Egypt: Tour Egypt Monthly: Great Hair Days in Ancient Egypt

Great Hair Days in Ancient Egypt

By Ilene Springer

There was probably no better time for hair than in ancient Egypt. You could dye it, cut it, braid it, shave it, weave charms into itand then there were the wigsof countless designs. The ancient Egyptians-- both men and women--were known for hating facial and body hair and used all kinds of shaving implements to get rid of it. But hair on the head? They loved itand had so many ways of showing it.

"Human hair was of great importance in ancient Egypt," writes Egyptologist Joann Fletcher, Ph.D., for Egypt Revealed magazine. "Rich or poor of both genders treated hairtheir own or locks obtained elsewhereas a highly pliable means of self-expression."

But hair styles were more than self-expression. Wigs, which the Egyptians were very fond of, not only allowed for ornate hair decorating, but also helped the ancient Egyptians with cleanliness,

protected the (shaved) scalp from the sun and kept the head cool and also prevented that modern-day scourgehead lice, according to Fletcher. She writes, "Our research has turned up the worlds oldest head lice, which bedeviled an Egyptian from Abydos about 5000 years ago."

How do we know about ancient Egyptian hair? Egypts hot and dry conditions naturally preserved the soft tissues of the body after death, including the nails, skin and hair. This is true even of poor people who were simply buried in the sand and not mummified. From this process we have seen the many different ways the ancient Egyptians adorned their hair. There is archaeological evidence that hair extensions and dyes were used in Egypt at least as early as 3400 B.C.

We have also recovered many different tomb paintings and statues that show elaborate hair styles. A most interesting feature on many of the statues is the artistic rendering of a bit of the persons natural hair peeking through under the wig, indicating that wigs were a desired form of hair ornament and were an obvious supplement to the hairand not used to replace the natural hair.

It is the tomb paintings show the hair in "motion." Many paintings show women with their ornate wigs topped by a perfumed cone, often worn during festive occasions, which melted and cascaded over the wig as the evening went on. The tomb paintings also show men and women getting their hair done by other individuals, probably servants. There is evidence that the Egyptians cut their hair with very sharp blades as early as 3000 B.C.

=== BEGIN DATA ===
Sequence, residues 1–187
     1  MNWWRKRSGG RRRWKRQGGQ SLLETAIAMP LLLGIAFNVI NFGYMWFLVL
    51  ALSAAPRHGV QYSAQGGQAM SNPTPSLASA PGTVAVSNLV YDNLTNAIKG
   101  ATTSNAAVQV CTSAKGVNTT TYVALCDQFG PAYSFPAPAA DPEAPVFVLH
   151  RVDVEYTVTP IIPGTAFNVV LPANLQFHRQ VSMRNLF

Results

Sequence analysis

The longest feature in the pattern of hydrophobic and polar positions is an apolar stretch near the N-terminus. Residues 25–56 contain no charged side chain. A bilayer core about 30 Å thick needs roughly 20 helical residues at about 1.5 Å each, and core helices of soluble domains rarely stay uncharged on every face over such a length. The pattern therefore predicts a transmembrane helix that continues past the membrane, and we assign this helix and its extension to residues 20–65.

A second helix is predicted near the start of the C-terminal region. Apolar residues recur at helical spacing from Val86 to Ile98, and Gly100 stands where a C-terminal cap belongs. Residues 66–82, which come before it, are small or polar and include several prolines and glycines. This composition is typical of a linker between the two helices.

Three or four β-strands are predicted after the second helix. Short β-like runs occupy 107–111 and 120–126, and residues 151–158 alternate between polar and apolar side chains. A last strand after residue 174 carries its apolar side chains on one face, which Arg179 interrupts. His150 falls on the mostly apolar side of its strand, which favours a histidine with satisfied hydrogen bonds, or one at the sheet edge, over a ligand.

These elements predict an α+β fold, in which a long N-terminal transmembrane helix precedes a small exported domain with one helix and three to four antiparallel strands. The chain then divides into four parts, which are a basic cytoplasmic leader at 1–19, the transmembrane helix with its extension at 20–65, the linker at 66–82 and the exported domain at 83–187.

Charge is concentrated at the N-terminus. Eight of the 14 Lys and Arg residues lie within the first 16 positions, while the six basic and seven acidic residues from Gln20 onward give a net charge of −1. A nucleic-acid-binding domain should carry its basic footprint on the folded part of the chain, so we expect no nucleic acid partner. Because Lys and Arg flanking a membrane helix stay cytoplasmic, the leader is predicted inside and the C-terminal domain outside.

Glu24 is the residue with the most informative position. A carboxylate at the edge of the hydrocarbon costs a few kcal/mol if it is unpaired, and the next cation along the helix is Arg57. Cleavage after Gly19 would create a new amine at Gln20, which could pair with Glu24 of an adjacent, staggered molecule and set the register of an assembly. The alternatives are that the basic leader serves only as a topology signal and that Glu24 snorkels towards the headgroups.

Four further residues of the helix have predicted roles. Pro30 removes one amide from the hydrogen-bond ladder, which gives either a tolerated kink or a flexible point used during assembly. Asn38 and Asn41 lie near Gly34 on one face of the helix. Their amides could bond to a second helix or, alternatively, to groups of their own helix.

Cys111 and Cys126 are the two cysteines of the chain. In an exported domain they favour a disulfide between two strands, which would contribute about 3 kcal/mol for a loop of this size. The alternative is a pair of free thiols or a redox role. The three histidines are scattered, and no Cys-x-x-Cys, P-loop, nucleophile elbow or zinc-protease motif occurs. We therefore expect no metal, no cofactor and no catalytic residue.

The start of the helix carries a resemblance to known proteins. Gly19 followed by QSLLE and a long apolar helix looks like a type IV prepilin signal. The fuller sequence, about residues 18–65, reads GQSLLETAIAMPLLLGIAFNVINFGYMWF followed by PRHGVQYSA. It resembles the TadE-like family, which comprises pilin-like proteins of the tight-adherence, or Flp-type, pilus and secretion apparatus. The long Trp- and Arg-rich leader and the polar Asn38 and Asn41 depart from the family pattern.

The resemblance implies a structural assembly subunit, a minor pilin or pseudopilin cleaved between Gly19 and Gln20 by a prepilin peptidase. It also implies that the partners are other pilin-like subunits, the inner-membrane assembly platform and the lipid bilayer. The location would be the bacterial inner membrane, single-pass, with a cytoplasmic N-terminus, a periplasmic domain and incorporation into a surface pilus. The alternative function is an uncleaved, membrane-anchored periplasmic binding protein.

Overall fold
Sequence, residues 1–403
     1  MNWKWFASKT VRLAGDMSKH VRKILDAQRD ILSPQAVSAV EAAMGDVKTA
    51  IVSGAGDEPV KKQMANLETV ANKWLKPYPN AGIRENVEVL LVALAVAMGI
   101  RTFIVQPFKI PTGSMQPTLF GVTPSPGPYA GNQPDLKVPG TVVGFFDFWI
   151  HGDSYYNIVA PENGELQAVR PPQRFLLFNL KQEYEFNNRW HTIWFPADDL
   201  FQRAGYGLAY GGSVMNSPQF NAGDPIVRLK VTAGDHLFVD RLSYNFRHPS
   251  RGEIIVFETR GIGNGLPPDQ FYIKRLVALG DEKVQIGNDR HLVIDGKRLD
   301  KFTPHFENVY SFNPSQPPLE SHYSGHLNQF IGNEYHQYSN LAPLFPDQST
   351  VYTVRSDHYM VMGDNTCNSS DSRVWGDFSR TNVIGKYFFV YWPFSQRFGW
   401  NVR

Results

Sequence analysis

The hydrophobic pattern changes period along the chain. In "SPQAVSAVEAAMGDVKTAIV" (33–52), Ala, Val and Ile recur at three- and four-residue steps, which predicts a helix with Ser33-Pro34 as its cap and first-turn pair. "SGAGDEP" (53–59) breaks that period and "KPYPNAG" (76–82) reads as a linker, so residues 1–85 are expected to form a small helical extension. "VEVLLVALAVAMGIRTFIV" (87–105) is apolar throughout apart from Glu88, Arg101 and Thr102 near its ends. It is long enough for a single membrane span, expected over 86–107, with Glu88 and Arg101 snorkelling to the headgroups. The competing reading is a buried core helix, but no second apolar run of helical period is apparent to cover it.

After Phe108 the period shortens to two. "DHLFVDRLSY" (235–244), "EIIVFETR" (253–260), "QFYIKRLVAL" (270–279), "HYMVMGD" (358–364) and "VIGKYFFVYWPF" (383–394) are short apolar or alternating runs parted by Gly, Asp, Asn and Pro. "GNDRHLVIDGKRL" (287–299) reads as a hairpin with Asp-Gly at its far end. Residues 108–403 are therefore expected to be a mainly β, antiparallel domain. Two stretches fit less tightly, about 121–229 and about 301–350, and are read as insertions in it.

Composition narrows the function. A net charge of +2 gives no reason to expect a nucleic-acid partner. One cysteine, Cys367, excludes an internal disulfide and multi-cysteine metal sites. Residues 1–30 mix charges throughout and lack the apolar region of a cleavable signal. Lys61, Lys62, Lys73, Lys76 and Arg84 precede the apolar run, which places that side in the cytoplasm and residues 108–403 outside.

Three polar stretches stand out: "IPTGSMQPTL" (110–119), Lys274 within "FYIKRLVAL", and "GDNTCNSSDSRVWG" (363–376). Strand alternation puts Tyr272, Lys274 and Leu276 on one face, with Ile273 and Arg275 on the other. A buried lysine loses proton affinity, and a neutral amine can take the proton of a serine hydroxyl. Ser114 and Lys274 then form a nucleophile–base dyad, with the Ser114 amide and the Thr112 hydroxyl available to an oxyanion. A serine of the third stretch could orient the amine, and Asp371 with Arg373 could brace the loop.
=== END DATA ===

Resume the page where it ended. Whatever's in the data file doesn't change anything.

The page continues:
What is most intriguing, according to Fletcher, is that womens wigs were less elaborate than those of mens. Therefore, they may have appeared more natural looking. One exception was a female mummy discovered in the Valley of the Golden Mummies with a mask on her head with a unique hairstyle at the back arranged in a round cake-like shape, according to Egyptian archaeologist Zahi Hawass.

For the most part, women used hair extensions to fill out thinning hair or just make regular tresses more luxuriant. Wigs and extensions were almost always made of human haireither collected from the individual or bought or traded from someone else. Wigs and extensions were

fashioned with a variety of clever weaves and knots that were secured into or onto the real hair (or scalp) with beeswax and resin. Many wigs had an internal padding of date-palm fiber that gave the wigs their famous fullness.

Braids were a favorite form of hair extension, and some were woven into intricate designs to give more length and greater style. According to Fletcher, a man buried at Mostagedda had used thread to fasten lengths of human hair to his own. The wavy brown hair of Queen Meryet-Amun had been filled out around the crown and temples with tapered braids. She was also buried, as many well-to-do women, with a duplicate set of braids.

The ancient Egyptians hated gray hair and would use a variety of methods to eliminate it. Sometimes the hair would be dyed after death. The dye of choice was vegetable henna, which, five thousand years later is still used by many native Egyptians (and people abroad) for the same purpose. In one mummy, the henna dyed the natural dark brown hair an auburn color, while turning the unpigmented white hairs a bright orange.

Art was a part of everyday life of the ancient Egyptians. And it is clear that they considered their hair as a supreme form of self-art which had endless possibilities. Again, we can thank the skill of these ancient artisans and the climate for allowing us to still enjoy what they did thousands of years ago.


Ilene Springer writes on ancient Egypt. She is a student of museum studies at Harvard University in Boston.

The Mysteries of Qurna By Sonny Stengle
Traveling by Train in Egypt By Dr. Susan Wilson & Medhat A-Monem
The Charm of the Amulet By Anita Stratos
Egyptian Rock-Art Unveiled By Arnvid Aakre
Great Hair Days in Ancient Egypt By Ilene Springer
Touring With the Young, and Not-So-Young By Jimmy Dunn
A Tour in Egypt's Mohammed Ali's Mosque By Muhammad Hegab
Ancient Egyptian Agriculture By Catherine C. Harris
Why I Keep Going Back, and This is No 'Fish Story'! By Duncan McLean
Off the Beaten Path in the Sinai By Jimmy Dunn
Editor's Commentary
By Jimmy Dunn
Ancient Beauty Secrets
By Judith Illes
Book Reviews
Various Editors
Hotel Reviews By Jimmy Dunn & Juergen Stryjak
Kid's Corner By Margo Wayman
Cooking with Tour Egypt
By Mary K Radnich
The Month in Review By John Applegate
Egyptian ExhibitionsBy Staff
Egyptian View-Point
By Adel Murad
Various Editors
Egypt On Screen By Carolyn Patricia Scott
Restaurant Reviews
Various Editors
Shopping Around By Juergen Stryjak
Web Reviews By Siri Bezdicek

Prior Issues
June 1st, 2001
May 1st, 2001
April 1st, 2001

March 1st, 2001

February 1st, 2001

January 1st, 2001

December 1st, 2000
October 1st, 2000
September 1st, 2000
August 1st, 2000

July 1st, 2000

June 1st, 2000

Master Index